Muse/News: Asian Art Museum to Reopen, Post-Pandemic Art Eyes, and a Mughal Miniature
It’s official! SAM’s Asian Art Museum will reopen to the public on May 28; members get the first look beginning May 7. The Stranger’s Jasmyne Keimig offered this preview, revisiting her February 2020 article on the museum’s grand reopening following its three-year renovation and reimagining (we hardly knew ye!). Capitol Hill Seattle Blog also shared the news. Get ready for more art!
“I’m excited to get back into the building and see what new connections my brain will make after more than a year away. And in the wake of the targeted violence on the Asian community both here and across the country, it’s an important moment to reflect on the history and culture of an invaluable part of Seattle.”
And the downtown Seattle Art Museum is open, with the special exhibition Jacob Lawrence: The American Struggle on view through May 23. Carla Bell reviewed the show for PREVIEW Magazine, out in the world now.
Last week, Washington State announced Rena Priest as its next Poet Laureate. Crosscut’s Margo Vansynghel has more on the state’s first Native American named to the post.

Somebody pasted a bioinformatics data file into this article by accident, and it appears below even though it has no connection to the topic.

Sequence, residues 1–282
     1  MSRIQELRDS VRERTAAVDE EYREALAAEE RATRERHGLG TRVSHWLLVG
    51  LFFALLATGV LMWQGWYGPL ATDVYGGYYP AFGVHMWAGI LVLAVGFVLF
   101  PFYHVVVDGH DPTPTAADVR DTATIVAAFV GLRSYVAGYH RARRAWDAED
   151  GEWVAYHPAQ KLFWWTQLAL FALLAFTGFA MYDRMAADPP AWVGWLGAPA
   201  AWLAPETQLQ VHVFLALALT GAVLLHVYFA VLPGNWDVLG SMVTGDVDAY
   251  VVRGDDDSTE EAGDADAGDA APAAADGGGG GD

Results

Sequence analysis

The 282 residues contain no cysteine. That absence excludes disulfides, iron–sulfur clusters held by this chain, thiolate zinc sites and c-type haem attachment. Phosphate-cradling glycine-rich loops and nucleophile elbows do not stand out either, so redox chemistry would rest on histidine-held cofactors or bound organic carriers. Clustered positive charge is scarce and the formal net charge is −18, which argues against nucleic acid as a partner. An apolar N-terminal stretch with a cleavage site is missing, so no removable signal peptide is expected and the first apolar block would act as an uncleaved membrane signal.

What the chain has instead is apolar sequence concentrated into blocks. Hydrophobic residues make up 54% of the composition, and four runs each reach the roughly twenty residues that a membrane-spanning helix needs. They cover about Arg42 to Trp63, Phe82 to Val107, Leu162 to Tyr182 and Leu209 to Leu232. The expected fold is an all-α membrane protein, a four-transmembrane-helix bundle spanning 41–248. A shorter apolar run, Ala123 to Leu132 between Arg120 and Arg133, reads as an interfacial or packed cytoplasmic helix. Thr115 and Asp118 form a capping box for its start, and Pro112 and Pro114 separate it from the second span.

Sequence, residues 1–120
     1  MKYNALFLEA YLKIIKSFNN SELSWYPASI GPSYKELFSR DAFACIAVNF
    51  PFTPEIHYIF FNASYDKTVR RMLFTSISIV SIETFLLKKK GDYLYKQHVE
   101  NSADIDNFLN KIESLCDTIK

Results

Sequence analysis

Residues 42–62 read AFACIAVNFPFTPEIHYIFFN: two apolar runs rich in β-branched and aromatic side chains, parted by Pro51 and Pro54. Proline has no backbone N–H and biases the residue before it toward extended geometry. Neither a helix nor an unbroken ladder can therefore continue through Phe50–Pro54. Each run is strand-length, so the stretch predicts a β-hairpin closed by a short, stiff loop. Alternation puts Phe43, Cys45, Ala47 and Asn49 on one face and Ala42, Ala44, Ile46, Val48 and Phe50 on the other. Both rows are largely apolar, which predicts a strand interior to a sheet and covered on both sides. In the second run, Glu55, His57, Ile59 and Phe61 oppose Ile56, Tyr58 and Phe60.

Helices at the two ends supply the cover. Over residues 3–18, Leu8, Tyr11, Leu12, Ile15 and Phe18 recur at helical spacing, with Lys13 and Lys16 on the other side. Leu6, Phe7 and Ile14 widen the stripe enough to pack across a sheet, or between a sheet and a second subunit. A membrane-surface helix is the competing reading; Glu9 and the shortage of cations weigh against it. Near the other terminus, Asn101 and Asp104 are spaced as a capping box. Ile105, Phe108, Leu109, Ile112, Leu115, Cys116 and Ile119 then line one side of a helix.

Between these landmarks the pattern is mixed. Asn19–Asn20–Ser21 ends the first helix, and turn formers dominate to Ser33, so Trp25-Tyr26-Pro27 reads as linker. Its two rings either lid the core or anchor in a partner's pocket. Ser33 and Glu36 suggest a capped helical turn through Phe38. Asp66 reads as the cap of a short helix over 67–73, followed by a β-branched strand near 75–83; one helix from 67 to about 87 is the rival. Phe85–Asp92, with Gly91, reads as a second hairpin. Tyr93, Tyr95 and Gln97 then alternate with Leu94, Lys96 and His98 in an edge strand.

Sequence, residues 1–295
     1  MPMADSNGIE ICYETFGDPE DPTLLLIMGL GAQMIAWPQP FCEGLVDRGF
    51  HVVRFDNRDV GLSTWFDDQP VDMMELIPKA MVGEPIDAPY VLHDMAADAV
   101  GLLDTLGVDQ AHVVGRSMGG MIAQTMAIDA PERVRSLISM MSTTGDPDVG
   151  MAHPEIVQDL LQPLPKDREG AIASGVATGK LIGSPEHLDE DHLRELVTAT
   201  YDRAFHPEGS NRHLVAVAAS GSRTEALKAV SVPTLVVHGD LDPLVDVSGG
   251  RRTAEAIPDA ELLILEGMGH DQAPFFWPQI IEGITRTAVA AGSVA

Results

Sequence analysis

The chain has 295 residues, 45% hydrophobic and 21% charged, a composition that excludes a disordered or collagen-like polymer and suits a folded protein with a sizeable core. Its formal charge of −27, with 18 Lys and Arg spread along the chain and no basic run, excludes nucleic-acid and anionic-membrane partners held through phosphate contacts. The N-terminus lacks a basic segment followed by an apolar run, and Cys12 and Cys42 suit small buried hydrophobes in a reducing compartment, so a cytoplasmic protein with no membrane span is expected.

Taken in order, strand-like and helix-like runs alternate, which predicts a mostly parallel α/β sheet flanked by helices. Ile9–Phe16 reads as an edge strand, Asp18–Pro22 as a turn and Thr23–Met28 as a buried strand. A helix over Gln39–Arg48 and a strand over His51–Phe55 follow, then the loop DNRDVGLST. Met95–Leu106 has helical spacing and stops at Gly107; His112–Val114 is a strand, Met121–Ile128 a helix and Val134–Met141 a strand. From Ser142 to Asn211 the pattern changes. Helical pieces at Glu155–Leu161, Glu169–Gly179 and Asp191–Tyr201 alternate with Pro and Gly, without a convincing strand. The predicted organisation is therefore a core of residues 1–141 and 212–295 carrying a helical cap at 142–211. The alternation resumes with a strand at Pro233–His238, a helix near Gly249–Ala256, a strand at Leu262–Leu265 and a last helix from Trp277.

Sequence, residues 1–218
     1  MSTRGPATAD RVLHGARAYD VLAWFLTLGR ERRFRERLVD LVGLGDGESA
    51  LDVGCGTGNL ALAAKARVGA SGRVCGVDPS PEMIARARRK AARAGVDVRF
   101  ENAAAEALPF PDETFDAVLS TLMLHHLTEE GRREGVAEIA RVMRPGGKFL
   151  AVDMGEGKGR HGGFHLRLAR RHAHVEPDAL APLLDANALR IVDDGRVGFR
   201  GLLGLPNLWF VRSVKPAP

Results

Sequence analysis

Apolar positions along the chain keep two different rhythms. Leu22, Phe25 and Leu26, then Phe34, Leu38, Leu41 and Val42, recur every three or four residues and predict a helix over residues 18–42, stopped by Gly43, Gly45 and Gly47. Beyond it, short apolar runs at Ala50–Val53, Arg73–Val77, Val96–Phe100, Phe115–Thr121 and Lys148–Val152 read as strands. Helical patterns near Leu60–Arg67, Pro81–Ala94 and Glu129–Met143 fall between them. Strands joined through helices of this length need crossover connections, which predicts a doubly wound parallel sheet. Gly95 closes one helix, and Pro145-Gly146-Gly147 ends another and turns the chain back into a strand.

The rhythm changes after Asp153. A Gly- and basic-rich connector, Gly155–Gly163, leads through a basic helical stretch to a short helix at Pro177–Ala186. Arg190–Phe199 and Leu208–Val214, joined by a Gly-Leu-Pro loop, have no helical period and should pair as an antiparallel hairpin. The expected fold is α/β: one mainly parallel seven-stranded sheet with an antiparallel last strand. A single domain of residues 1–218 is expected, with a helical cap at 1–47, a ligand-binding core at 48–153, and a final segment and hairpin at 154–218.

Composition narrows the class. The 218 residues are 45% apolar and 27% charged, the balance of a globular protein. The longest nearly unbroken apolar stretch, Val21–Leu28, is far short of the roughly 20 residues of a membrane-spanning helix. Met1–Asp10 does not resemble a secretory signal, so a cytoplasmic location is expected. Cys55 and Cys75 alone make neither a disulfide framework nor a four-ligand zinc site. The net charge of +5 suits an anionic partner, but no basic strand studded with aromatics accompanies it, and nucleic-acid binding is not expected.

Have you reviewed the full lineup for the 2021 Seattle International Film Festival? It’s first-ever virtual edition? Seattle Met has the details.
Also this week from the Stranger’s Jasmyne Keimig: A moving long read reflecting on how the pandemic has changed the way we look at art.
“Had that Georges de la Tour painting always been so tender? Or that Akio Takamori sculpture so solemn? My mind was a mess. Good Critic Impulses were apparently left in March of 2020.”
“How an LA Printmaking Workshop Advanced the Career of Women Artists.” Hyperallergic’s Jordan Karney Chaim on June Wayne’s Tamarind Lithography Workshop.
“My work is focused on the idea of how crucial it is for Black people to think of leisure as a radical act.” Derrick Adams speaks with Vogue; his work is on view at SAM as part of The American Struggle.
One of those “ooh…ahh!” New York Times art interactives! Jason Farago with a stirring close read of an eight-inch tall, 17th-century Mughal painting.
“Within the details of this miniature lies a master class in the political uses of cultural hybridity. And the uses of something else too: dumbfounding, superhuman beauty.”
Welsh bunnies, archaeologists.
– Rachel Eggers, SAM Associate Director of Public Relations